- Scotiabank 2020 Charity Challenge Fundraising – We Did It! Sunday Oct 18th -

Yes, we did it!

Thanks to all of you for your support – helping me successfully achieve my goal of walking 5kms this morning.

The ‘WALK’ was to spread awareness and raise donated funds, through the Scotiabank Charity Challenge, for the World Parkinson’s Program (WPP).

On average, having walked this distance the last 3 years, I usually complete the trek in about an hour and 15 minutes. This year, as in years past, the challenge wasn’t so much to better that time but more so to complete the distance safely and armed with the same tools – my timely dosage of meds, my trusty walking poles, my proper weather wear, a bladder that has taken a brief hiatus and a ‘will’ (constantly replenished by your support and encouragement) that fuels my confidence and efforts.

This was the first year where I didn’t participate with a knee that either required replacement or was healing from a recent surgery….to start and finish this year with almost no pain, would be a real treat…

My challenge was going to be, “how long could I keep at my walking pace and reach my time/distance goal?” I ask this with the knowledge that my previous dose of Parkinson’s medication (taken every day at 9am), had for the past year, shown signs of wearing off, an hour before my next dose (12 noon), as my movement symptoms would bog me down. This actually meant that my PD was progressing.

Sure enough this morning, I was walking at a very good and steady pace for most of my route – at least 3 kms. It was shortly after passing that distance that I could feel, that ‘feeling’ or sense it …As I took my strides and moved my walking poles in sync with the opposite legs, my left arm began to slow and would be out of sync with the swing of the right arm and strides of my legs. I tried to keep the pace with the arms swinging and the legs remaining in full stride, however, it didn’t feel natural. I’m sure that, with my arms flailing out of sync, I must have looked like I was doing an air drum solo without my ‘kit’.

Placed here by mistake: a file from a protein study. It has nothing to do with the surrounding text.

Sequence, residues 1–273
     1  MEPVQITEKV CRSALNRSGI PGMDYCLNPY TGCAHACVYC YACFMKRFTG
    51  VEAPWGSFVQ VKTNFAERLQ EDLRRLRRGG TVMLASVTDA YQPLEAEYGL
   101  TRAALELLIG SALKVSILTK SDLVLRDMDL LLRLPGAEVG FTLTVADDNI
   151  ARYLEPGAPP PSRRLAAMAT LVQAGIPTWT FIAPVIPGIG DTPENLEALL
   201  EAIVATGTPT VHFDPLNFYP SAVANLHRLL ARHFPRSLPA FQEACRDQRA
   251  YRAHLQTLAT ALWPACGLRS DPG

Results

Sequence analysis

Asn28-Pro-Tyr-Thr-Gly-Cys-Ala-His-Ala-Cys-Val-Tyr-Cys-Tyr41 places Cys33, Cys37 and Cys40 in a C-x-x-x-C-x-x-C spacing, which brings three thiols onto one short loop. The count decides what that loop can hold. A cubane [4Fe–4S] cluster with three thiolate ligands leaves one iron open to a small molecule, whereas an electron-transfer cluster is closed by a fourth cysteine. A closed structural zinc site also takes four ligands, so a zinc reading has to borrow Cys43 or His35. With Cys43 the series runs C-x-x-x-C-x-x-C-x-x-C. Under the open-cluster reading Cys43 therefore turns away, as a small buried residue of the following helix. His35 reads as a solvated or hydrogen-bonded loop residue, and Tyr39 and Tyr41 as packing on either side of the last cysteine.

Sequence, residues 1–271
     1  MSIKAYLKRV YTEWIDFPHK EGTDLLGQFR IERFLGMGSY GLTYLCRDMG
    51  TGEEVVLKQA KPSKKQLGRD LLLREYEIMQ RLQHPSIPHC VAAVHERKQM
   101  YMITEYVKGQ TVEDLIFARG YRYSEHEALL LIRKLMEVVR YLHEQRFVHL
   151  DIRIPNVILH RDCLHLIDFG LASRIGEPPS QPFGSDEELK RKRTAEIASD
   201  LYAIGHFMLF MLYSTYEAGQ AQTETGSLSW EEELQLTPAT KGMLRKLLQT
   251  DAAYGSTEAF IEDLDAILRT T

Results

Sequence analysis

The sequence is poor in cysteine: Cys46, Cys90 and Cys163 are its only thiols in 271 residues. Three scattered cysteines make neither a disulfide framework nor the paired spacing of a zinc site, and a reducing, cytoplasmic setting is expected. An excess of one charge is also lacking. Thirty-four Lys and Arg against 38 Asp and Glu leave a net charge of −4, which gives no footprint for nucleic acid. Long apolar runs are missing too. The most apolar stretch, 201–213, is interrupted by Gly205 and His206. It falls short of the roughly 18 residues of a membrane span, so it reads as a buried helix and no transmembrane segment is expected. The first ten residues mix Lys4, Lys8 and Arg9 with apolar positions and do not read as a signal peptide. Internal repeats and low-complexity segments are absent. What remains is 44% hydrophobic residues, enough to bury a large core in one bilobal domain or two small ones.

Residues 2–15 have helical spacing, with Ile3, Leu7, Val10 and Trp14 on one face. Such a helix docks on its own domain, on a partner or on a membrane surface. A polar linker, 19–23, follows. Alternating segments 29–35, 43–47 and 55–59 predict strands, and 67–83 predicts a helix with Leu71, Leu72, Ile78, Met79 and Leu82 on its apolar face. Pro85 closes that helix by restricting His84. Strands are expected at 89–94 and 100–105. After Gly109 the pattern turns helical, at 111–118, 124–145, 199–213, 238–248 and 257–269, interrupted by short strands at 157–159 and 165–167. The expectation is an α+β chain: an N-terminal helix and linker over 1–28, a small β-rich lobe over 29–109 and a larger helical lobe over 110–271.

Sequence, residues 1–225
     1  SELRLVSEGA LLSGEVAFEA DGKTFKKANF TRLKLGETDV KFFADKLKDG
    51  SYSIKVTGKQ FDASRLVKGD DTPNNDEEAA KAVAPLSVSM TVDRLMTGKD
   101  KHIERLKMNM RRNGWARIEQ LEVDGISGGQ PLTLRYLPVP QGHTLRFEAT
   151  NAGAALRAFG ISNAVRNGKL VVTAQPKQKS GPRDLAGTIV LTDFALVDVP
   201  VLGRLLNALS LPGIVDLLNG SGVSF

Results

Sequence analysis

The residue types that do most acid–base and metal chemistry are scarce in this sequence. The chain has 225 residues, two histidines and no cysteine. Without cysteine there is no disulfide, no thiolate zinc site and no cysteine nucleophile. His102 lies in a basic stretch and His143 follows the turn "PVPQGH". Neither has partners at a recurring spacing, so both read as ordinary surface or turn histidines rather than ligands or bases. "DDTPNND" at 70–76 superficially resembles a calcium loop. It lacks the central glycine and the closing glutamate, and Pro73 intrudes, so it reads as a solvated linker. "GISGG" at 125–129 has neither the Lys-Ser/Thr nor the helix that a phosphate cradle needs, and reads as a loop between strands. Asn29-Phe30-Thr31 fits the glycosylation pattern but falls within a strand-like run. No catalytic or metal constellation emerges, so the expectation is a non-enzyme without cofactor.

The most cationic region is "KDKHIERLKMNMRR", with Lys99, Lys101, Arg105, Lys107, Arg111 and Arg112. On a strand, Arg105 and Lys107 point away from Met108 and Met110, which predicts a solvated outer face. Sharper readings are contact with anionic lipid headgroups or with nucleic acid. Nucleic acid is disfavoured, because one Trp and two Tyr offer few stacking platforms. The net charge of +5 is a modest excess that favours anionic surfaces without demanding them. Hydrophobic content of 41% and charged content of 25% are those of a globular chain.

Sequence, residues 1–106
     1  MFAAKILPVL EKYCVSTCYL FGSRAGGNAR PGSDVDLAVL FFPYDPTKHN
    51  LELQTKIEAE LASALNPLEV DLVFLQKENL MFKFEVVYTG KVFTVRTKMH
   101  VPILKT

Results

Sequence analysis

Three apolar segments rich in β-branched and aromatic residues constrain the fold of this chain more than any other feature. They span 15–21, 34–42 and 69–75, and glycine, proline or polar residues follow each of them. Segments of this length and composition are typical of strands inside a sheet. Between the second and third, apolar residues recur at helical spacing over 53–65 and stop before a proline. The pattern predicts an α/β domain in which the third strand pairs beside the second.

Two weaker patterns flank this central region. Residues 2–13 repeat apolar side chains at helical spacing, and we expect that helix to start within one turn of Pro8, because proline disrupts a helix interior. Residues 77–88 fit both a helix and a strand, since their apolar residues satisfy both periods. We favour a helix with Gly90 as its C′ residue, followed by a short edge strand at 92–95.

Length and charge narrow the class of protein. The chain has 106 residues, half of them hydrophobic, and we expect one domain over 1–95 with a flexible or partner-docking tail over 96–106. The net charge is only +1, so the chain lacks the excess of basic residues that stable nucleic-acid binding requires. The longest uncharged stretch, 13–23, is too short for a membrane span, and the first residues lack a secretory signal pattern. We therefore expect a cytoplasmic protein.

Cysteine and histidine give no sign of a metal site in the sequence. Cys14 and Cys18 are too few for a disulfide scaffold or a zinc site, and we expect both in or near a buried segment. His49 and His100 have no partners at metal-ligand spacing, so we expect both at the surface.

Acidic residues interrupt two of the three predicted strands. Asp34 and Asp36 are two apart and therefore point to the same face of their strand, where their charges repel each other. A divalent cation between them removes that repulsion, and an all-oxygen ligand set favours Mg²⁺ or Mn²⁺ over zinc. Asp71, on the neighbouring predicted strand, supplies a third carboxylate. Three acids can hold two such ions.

As I made adjustments while I was walking, I gave myself an internal dose of “snap out of it” (picturing a face slap from Cher in Moonstruck) … as a recalibrate. 

Next came my left arm with a mild dose of ‘work to rule’, doing the bare minimum in the autonomic walking arm swing, followed by the ever-disruptive, ‘Linus Blanket Drag’…no movement at all and the weakened left hand grip barely holding the pole as I’m now dragging it alongside me…

I finally stopped to gather myself and refocus on what I was trying to do. I had set out this morning to fulfill a commitment I’d made to safely WALK 5Km, raising donation funds for a charity that meant a lot to so many, including myself, the World Parkinson’s Program (WPP). I’d successfully walked this route the week before as a practice trek and I’d walked shorter versions of it in the last couple of months….